...Monday...
-28 overnight, and the wind came whistling through our windowframes. I dropped in to see the kommandant.
"None of our windows close properly," I said.
"Have you tried gluing paper over all the cracks?" she said.
"Well, no," I said, thinking back to the naivety with which K and I once discussed whether it was okay to put pictures up with sticky tape.
"Try that," she said. "But in the meantime I'll send in a man."
The man arrived clutching a hammer. He went straight to the windows.
"Ah yes. When they renovated in the summer they painted over the locks and latches," he said. "Poor, really."
For a few minutes he smashed away at our painted-shut bolts. The rattle of the windows sounded like someone wailing 'You'll sleep behind cardboard! Behind cardboard!' It was really strange. But the glass held, and the man freed, or almost freed, all of our bolts so that although they now don't work in a strictly practical sense, they're not technically stuck.
"Anything else?" he said.
"When we turn the sink taps on water comes out of our shower head." I said.
"Sorry, I don't do taps," he said. "Taps are someone else."
"So you... just do banging?"
"Yep," he said, replacing his hammer in a toolbox that I noticed contained several more hammers. "Just banging."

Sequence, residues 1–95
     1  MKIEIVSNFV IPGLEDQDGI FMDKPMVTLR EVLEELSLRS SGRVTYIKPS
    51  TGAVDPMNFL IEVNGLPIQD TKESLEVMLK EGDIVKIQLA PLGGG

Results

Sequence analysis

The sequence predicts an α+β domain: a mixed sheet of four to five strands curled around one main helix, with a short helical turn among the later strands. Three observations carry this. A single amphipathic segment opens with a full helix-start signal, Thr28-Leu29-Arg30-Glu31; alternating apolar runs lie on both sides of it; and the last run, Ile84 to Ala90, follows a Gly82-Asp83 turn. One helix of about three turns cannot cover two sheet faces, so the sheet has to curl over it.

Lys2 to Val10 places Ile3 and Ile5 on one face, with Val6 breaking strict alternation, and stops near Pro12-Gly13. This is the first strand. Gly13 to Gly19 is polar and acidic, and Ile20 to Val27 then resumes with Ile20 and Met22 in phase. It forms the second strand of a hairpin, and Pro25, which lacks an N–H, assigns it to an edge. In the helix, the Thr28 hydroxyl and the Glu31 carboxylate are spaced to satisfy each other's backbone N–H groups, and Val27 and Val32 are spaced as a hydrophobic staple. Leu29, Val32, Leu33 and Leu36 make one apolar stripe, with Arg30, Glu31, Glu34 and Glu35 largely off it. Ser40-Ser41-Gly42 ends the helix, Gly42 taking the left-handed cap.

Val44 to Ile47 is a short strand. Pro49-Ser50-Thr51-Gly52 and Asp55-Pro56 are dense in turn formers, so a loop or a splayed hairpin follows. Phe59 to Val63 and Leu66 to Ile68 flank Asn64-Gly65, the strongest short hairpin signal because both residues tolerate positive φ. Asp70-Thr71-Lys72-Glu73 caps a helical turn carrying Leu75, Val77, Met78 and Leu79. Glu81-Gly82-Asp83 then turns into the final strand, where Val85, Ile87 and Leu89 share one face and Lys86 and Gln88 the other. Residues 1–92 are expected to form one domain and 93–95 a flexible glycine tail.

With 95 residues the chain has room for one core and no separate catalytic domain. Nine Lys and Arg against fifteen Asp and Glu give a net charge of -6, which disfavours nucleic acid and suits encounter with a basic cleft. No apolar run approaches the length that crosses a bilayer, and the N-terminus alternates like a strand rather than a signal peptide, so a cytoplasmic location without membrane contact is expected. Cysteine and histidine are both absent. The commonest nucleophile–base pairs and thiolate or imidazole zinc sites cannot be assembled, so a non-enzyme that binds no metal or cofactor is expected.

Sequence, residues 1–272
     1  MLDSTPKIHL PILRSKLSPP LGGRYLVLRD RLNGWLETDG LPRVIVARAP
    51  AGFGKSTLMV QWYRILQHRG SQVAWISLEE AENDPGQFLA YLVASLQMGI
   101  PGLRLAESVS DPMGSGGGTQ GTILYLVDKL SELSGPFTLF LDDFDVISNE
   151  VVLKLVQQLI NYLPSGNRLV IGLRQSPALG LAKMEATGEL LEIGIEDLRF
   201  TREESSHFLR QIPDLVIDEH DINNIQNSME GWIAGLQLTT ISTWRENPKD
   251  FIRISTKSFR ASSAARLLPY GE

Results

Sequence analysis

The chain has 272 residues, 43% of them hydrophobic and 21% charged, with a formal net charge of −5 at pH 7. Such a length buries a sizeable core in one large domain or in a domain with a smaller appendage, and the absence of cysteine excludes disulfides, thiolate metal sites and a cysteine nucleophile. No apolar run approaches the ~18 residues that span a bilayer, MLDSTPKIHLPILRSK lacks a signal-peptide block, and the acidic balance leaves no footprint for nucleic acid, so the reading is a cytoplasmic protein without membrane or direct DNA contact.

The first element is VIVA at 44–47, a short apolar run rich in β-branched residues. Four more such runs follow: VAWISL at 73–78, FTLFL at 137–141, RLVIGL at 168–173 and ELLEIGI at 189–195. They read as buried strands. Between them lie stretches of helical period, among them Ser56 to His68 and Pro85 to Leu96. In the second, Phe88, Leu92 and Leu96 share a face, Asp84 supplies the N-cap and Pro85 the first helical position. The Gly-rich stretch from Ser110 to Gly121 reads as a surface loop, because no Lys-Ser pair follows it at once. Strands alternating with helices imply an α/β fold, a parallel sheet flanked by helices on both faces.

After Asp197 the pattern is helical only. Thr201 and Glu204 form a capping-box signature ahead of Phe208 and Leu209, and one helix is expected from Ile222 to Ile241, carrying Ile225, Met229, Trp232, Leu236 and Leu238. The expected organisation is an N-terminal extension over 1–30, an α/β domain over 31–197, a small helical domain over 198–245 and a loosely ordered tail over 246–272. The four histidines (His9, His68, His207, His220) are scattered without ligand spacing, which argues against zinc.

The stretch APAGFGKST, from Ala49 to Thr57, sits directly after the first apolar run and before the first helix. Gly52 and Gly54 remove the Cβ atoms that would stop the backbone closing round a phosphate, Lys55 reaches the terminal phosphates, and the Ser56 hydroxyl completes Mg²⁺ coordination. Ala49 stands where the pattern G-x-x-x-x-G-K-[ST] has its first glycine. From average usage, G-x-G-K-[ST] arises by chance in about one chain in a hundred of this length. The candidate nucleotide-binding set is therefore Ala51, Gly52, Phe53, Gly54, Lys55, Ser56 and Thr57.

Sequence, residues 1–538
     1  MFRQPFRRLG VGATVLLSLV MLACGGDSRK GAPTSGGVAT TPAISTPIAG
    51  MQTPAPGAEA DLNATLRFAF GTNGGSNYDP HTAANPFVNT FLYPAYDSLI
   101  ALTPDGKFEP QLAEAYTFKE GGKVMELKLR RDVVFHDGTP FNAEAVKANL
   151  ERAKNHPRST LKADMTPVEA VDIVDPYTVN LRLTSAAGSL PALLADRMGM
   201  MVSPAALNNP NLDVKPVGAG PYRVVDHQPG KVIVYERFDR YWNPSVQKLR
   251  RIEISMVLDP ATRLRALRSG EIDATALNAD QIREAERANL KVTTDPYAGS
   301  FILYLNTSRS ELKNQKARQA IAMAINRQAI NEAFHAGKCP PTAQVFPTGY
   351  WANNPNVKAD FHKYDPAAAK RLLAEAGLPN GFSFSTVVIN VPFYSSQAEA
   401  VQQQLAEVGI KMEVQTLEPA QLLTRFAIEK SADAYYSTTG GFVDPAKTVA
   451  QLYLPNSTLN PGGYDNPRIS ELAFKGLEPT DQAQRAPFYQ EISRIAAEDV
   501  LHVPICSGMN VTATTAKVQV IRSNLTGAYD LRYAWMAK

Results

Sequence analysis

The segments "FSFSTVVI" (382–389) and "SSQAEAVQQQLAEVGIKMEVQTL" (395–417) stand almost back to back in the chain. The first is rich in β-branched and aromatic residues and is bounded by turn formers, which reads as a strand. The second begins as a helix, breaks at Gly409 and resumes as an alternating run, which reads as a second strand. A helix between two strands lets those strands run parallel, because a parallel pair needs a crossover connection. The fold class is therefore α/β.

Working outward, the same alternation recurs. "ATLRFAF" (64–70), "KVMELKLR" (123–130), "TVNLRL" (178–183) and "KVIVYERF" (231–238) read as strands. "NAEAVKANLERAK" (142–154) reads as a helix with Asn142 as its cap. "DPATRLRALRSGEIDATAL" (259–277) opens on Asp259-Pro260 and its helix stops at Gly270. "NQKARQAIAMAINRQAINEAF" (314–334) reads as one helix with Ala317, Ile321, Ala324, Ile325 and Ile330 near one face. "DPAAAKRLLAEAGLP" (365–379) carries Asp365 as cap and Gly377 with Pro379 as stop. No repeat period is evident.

...and Tuesday
on Tuesday some men came with buckets of sand and grit.
"Hello, men," we said.
"We'll be needing the bathroom," said the men.
We went to class, and while we were out the men filled in the hole in our ceiling that other men made two months ago. So our ceiling's fixed. At least, most of it. They haven't yet plastered over the spot where the hole was, so there is still peeling paint and plaster from a previous job ("don't know what that last lot were doing," said the new men. "Shoddy, really."), and the floor of our bathroom is once again caked in plasterdust and silt.
"Will you also be painting the hot-water pipes?" said K. "The ones that rusted outside before they were installed so that now, every time we brush against them we collect burnt orange streaks across our clothing?"
"Oh no," said the men. "We don't do painting. Painting is someone else."

Sunday, December 18, 2005

chuDOvishy (n. monster)

Tanya, the girl-limpet who has drifted from our English friend Steve onto K and I, invited us this week to a railway jaunt around Baikal. We agreed, as: 1. we like Baikal, and 2. a jaunt lessens the chance that Tanya will spend the weekend stinking out our bedroom. I don’t care how ungracious this sounds: the girl needs anti-perspirant.
We met on a street corner on the city side of the Angara, which incidentally is all out of whack just now. It doesn’t usually freeze, apparently, although there’s already a crust of ice around its banks. But for weeks now it’s been sliding blackly out of Baikal beneath strange and slightly cheesy wisps of steam. Is it a river or a David Copperfield set? The Angara will let you know.